On our way to our first exhibit, I spotted the tram. It had been in service there for as long as I can remember. It’s a slow-moving, multi row vehicle that travels all over the paved paths leading from one exhibit to the next. The outside of it is painted like a an exotic animal. On board, there’s a zoo guide dressed from head to toe in khaki. He wears a hat similar to one you’d see on Harrison Ford portraying Indiana Jones. It sits jauntily on his head. As the safari vehicle crawls along, the guide speaks through a microphone which muffles his voice. He tells you interesting facts about the animals as you pass by them. You move at a snail’s pace. Something I remembered all too well. We rode on that tram a few times with the kids when they were young. It was always nerve-wracking to my hubs and me. My boys liked speed. And, action. Riding on that turtle paced vehicle with the muffled sounding guide was always like sitting on a time bomb. I always imagined it was only been a matter of time before my boys would try to jump off. Or, rush the zoo guide. Or, something.
The zoo was as packed as the parking lot. We weaved our way through the crowds. We headed towards the bears first. They always thrilled the masses. This day was no different. It really doesn’t matter if they’re just lying around idle or if they’re jumping in their pools of water; they’re majestic to see. Such amazing creatures. We moved along from exhibit to exhibit. We saw the lions and giraffes and zebras. We walked through the Tropic World – a huge, open concept building which made you feel as tho you were hiking through the jungles of Africa and rain forests of Asia. We saw dolphins and seals swimming and jumping and diving. And, baby wolves. And, tigers. And, aardvarks and otters.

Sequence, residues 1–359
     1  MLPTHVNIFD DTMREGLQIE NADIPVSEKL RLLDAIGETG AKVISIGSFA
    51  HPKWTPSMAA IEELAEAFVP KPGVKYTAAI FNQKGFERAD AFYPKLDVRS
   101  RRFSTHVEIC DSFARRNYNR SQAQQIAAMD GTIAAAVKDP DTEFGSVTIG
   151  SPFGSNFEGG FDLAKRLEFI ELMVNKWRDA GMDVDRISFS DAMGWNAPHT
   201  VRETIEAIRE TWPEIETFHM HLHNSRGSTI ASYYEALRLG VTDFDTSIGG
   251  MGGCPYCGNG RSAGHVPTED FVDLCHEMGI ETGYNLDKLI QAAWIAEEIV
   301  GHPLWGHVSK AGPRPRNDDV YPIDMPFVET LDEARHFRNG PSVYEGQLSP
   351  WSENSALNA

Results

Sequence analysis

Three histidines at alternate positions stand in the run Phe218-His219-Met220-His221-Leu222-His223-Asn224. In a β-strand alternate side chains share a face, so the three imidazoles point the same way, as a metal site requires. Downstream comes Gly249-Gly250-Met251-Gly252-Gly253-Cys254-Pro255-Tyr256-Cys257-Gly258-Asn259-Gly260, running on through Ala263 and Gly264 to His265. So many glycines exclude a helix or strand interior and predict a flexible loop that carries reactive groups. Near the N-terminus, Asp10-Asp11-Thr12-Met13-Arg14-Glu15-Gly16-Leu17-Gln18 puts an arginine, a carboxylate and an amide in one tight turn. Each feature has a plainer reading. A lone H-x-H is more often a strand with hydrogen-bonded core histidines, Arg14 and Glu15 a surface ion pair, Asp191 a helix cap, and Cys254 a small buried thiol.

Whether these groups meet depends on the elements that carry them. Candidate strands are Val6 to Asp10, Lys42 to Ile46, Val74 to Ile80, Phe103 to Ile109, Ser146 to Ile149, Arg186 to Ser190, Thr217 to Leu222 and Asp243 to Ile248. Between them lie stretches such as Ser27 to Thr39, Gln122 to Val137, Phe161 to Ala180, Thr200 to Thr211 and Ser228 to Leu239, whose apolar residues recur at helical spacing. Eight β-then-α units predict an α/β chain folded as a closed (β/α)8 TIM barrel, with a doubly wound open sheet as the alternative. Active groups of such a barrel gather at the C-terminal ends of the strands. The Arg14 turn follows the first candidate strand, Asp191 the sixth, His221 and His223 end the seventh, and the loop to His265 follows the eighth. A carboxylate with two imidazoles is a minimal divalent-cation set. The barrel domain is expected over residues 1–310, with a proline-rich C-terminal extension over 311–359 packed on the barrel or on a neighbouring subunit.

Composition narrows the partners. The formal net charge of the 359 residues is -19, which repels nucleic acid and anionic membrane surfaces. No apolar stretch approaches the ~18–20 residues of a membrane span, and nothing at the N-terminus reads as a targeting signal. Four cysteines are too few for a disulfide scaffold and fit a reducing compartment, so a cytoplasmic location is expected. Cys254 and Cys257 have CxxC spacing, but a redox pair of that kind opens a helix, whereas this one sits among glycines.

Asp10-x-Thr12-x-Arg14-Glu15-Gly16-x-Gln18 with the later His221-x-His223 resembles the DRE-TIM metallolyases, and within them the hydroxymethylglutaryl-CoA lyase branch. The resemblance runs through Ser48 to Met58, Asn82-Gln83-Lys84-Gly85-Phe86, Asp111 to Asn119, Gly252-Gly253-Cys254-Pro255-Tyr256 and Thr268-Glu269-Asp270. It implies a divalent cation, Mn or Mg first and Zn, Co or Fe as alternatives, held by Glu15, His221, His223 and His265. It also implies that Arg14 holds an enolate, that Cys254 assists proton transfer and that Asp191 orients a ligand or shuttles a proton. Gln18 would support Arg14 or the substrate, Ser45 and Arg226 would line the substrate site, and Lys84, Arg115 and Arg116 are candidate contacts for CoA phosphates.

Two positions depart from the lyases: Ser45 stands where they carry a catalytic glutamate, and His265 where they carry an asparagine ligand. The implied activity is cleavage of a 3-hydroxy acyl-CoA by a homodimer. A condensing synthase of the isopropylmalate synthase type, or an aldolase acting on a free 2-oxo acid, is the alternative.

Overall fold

As we made our way from one exhibit to the other, I looked around and realized that it was not only the zoo that had remained the same, but the people visiting the zoo, also. I saw a lot of moms with strollers. There were a few preschool groups. And, young families with toddlers. You could tell if the adults accompanying the children were their parents or grandparents by the looks on their faces. Grandparents were delighted to be there. Parents were a bit overwhelmed and frazzled.
Overall, the zoo was filled with the same kind of visitors as it always had been. There were young mom’s trying to soothe crying babies. There were young siblings who were fighting one moment and suddenly amazed at what they were looking at the next. There were overly tired kids that looked sweaty and tired. They were whining and pleading for candy and soda and souvenirs. Young children scurried from animal to animal while frantic parents tried to keep count of everyone. Nothing had changed. Except, me. I was no longer that young mom with three, energetic boys in tow. It no longer took the team of both parents to make the zoo outing a success. I was middle-aged now. My boys were grown. I no longer had to worry about temper tantrums or squabbling siblings. It was a bittersweet moment looking around and seeing how time had stolen those early days from me.
I looked over at my son walking next to me and saw the little boy from 25 years ago that used to hold my hand and skip along. He had grown up and was now taller than I was. I thought back on my sweet memories fondly but knew without a doubt that I was glad to be exactly where I was in life. I was glad not to be riding that tram. Not for the same reasons as years ago, but because walking the zoo felt good. It was wonderful to be enjoying the same grounds I wandered years ago. This time with my son who was now grown. We enjoyed it on a different level and for different reasons. We celebrated the wonder of the animals and the places from which they originated. For several hours we walked the grounds of the zoo enjoying the great weather. Each others company. And, the animals.